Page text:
Invite foreign interns to settle in Japan, think tank says


Staff Writer

A Tokyo think tank says the nation should replace its discredited national foreigners’ trainee program with a system that invites overseas interns to settle in Japan, which would help solve an immediate labor shortage and an approaching demographic crisis.

The Japan Center for International Exchange, or JCIE, unveiled the proposal on Wednesday, calling it a comprehensive replacement for the Industrial Trainee and Technical Internship Program, which has been criticized as a source of rights violations.

The think tank advocates granting foreign interns a renewable three-year visa and, after six years, giving them access to long-term or permanent residency.

In what is perhaps its most radical recommendation, the group also proposes that Japan establish a new ministry to oversee the program.

It says the government should strike bilateral agreements with other nations and coordinate directly with their ministries to guard against unscrupulous private brokers trying to profit from and manipulate the supply of labor.

The proposal says foreign interns should be required to learn basic Japanese language skills and contribute to Japan’s social security system by paying taxes. To facilitate their integration into Japanese society, it urges the government to strengthen legislation against discrimination.

The framework is similar to an employment program for foreigners in South Korea, the think tank said, adding that it based the draft in part on South Korea’s model.

“It’s finally time Japan began seriously considering accepting foreigners on a long-term basis to address the problem of its ever-accelerating population crisis,” said Toshihiro Menju, the think tank’s managing director.

JCIE is a Tokyo- and New York-based foundation established in 1970 with the aim of boosting Japan’s role in the international community by drafting policy proposals and initiating exchange programs.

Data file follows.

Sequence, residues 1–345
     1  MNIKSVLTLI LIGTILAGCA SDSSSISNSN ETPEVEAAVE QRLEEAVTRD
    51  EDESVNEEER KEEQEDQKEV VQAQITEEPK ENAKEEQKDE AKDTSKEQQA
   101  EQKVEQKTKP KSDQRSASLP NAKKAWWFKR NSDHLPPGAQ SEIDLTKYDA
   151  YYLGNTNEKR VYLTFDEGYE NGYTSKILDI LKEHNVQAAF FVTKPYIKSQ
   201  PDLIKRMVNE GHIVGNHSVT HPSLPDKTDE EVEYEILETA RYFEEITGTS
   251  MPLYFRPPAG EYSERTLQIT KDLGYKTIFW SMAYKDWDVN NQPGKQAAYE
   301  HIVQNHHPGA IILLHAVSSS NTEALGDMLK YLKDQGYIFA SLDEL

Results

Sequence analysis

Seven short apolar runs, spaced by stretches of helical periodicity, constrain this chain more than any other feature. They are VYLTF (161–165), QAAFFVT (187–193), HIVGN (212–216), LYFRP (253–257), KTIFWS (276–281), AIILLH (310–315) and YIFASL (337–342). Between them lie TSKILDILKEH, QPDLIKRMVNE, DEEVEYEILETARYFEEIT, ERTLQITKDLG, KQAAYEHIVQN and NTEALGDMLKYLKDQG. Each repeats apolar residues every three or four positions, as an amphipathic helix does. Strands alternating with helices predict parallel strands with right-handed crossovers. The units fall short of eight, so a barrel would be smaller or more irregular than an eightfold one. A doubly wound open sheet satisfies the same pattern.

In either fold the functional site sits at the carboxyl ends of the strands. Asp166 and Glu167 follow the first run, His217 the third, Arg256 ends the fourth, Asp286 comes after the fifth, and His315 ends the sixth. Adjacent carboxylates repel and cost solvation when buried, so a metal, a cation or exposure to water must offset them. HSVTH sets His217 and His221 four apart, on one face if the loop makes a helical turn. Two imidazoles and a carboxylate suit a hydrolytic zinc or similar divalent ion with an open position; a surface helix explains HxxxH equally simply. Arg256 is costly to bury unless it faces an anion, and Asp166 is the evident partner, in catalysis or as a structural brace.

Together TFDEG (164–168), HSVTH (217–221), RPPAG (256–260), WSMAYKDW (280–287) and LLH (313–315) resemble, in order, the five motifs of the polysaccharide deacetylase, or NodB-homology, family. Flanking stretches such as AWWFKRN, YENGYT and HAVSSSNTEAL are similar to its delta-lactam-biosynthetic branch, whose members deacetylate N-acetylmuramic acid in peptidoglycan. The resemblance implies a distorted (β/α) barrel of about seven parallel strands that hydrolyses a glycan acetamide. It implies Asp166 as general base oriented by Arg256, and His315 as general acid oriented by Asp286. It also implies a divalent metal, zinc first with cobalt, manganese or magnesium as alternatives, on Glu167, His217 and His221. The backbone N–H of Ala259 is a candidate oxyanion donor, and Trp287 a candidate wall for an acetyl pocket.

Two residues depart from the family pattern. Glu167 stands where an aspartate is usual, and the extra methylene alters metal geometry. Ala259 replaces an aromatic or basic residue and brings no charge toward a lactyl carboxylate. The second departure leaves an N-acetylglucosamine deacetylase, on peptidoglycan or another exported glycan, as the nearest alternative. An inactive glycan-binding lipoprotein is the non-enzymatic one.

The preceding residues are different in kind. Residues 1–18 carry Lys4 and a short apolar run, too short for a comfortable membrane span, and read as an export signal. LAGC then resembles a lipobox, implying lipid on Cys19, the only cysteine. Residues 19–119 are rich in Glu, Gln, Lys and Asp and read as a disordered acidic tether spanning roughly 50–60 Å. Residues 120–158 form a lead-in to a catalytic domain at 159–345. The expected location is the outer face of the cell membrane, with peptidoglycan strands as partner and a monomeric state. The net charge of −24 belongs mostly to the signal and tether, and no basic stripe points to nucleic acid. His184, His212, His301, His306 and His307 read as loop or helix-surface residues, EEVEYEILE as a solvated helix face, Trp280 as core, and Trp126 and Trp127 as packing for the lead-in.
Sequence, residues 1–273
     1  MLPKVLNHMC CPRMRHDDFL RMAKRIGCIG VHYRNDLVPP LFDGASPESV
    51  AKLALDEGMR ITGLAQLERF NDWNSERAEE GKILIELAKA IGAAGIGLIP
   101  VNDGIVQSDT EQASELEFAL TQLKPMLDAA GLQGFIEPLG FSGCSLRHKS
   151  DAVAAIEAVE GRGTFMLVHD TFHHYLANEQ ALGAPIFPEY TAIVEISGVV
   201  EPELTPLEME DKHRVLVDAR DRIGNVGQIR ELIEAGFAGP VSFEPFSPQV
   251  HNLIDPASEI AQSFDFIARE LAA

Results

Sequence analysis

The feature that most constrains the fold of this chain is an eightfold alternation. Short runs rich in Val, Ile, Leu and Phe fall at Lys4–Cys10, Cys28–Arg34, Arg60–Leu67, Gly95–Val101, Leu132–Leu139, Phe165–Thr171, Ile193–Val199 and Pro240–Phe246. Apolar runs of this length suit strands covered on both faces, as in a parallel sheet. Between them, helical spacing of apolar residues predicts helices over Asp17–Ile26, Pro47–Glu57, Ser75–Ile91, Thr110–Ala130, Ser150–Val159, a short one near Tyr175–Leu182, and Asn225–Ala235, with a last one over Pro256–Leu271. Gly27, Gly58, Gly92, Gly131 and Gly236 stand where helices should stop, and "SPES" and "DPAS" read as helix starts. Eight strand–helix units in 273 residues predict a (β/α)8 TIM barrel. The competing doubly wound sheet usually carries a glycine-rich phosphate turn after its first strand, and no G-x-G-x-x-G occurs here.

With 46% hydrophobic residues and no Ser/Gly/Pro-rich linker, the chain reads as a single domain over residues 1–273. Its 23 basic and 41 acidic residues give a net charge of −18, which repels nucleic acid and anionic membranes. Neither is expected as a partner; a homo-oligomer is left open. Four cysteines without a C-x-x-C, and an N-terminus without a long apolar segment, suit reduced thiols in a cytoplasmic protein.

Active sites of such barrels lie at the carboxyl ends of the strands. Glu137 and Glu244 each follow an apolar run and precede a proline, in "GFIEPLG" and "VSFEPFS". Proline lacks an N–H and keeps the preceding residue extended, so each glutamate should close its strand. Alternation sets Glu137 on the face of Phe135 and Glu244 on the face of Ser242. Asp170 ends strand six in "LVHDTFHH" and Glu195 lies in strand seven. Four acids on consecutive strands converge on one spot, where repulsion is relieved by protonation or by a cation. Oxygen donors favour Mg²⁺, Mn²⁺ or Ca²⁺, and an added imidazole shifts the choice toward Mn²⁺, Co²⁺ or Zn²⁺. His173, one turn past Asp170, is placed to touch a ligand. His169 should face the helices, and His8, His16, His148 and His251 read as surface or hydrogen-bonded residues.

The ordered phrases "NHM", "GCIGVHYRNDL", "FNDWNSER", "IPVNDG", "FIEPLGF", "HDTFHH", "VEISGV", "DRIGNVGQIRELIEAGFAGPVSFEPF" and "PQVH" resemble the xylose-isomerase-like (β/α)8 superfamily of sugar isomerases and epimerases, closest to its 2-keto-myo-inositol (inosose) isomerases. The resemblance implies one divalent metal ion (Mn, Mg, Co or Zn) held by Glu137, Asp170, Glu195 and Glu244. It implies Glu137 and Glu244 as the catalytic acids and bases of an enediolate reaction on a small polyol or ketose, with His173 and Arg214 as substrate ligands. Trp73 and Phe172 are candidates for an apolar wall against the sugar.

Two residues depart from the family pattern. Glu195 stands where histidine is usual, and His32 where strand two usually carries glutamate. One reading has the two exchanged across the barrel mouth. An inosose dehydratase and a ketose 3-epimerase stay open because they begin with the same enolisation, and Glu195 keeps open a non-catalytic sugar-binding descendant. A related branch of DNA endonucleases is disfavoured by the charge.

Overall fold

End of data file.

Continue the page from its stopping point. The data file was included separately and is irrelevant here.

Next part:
The group says it may approach politicians with the proposal directly.

  • Richard Solomon

    This won’t ‘solve’ Japan’s demographic challenges but it will help bring new ideas and energy into the country at a time when it needs such things.

  • Guest

    or they could try giving foreigners equal protection under the law. see how that goes over.

  • Charles

    Okay, so let me get this straight… Under these suggestions from this “think tank:”
    – These “interns” will be able to get permanent residency in just six years, despite not having very much education. They also get three-year visas right off the plane!
    – However, people who actually got a bachelor’s degree or other tertiary education and came here on a proper work visa, are not mentioned, meaning they still have to wait ten years to get permanent residency. And many of them have to put up with an endless string of one-year visa extensions (I’m on my fourth consecutive one-year extension).

    Is there any way I can cancel my work visa and come back to Japan as a factory worker, fish scaler, or other laborer? Because according to what this “think tank” is recommending, I’d get longer visas and quicker access to permanent residency that way…

    Here’s an idea, Japan, and I’m not even a think tank:
    – Reduce permanent residency to five years for any foreigner already working here who is reasonably well-behaved and healthy and who can speak intermediate-high Japanese (JLPT N2 or above).
    – Enact a full anti-discrimination law. Actually make some attempt to enforce it.

  • Adam

    I don’t think a three year internship sounds fair at all, to the interns. It is not nice to feel like an underclass, like you’re less than a regular member of society.

    If Japan is going to do this, they should do it all the way through and create a path to citizenship. It is Japan who needs the population influx, so there should be a fair bargain.

    Also, I don’t mean to complain, but this article should have named the think tank. It’s hard to believe that they could only be quoted on background due to the confidentiality of their reports.

  • Lukas Meza

    this is great i want to live in japan one day, im from colombia and this is making things easier for me.

  • itoshima2012

    agree James